LeapFrog Enterprises says its Leapster Learning Game System is intended for children ages 4 to 10. In this case, it helped to educate a 32-year-old single mom. The lesson: Be careful when you do business on the Internet.

The mom, Sheila Harvey of Westerville, said she simply wanted to get some much-needed cash for a Leapster that her 6-year-old daughter, Ashley, no longer played with. Harvey posted the handheld gaming system on
Craigslist.com, a free online classified listing. Her asking price: $100. She ended up losing far more than that. "I feel completely stupid -- I mean, lesson learned."


The trouble began when Harvey received a quick response to her posting, an e-mail message from a man who identified himself as a resident of London, England. He indicated that he wanted to buy the Leapster,
leaving Harvey thrilled that the transaction could be completed with so little hassle. A few days later, two money orders arrived, each for $932. The would-be buyer soon followed up with another e-mail message. He told Harvey that his assistant had inadvertently overpaid for the gaming device. He said he was terribly sorry for the mistake -- so much so that he wanted Harvey to keep $200, twice the agreed-upon price for the Leapster. He
suggested that she deposit the money orders, keep the $200 and then wire the remainder back to him.

"I wanted to do the right thing," Harvey said. "I thought, 'These money orders got sent to me, and this isn't my money.' " After fulfilling the man's request, Harvey learned that it was, in fact, her money. "Once the cash had
been taken out and the money had cleared, she found out (the money orders) were counterfeit," said Westerville police detective Larry French.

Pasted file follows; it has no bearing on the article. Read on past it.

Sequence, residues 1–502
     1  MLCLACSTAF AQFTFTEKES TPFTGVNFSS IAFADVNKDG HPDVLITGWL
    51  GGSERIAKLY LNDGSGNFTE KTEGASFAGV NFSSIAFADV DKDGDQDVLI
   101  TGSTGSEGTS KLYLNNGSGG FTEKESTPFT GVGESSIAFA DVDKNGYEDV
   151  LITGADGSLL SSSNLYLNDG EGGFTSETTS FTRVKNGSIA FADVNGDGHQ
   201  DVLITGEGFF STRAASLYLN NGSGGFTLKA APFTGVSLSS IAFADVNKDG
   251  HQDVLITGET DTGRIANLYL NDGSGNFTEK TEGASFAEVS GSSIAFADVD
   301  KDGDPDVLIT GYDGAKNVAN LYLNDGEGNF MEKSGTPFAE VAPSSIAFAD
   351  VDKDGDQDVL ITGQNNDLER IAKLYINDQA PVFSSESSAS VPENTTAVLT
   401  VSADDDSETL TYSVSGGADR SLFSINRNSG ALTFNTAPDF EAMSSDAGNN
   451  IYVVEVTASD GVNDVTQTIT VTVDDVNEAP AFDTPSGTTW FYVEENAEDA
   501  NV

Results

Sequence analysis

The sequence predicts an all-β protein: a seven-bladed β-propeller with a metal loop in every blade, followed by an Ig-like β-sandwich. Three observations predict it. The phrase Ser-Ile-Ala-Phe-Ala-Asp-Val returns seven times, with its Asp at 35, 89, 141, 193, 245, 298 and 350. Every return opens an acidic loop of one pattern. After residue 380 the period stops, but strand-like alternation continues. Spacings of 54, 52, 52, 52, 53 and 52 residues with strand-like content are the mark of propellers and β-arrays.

Harvey's bank demanded $1,729, the amount she wired overseas plus the applicable transfer fees. She was obligated to pay, French said. When cashing a money order, a bank customer -- not the bank -- is ultimately
responsible for the funds the money order supposedly represents. "It seems we've seen a rise in these types of scam cases," French said. "It could be due to the economy."

You can lessen your exposure, he said. If you find yourself questioning whether an e-mail address is legitimate, plug it into a search engine such as Google, the investigator said. Sometimes, a notice will appear if the
address has been flagged for removal. That approach is hardly foolproof, though, so the best way to protect yourself, French said, is to deal only in cash -- and only with people you trust.

That's what Harvey intends to do from now on. And she hopes she'll soon have an opportunity to put her newfound knowledge to the test. The Leapster is still for sale. "I need to sell it," she said. "Like everyone else in
this economy, money is really tight."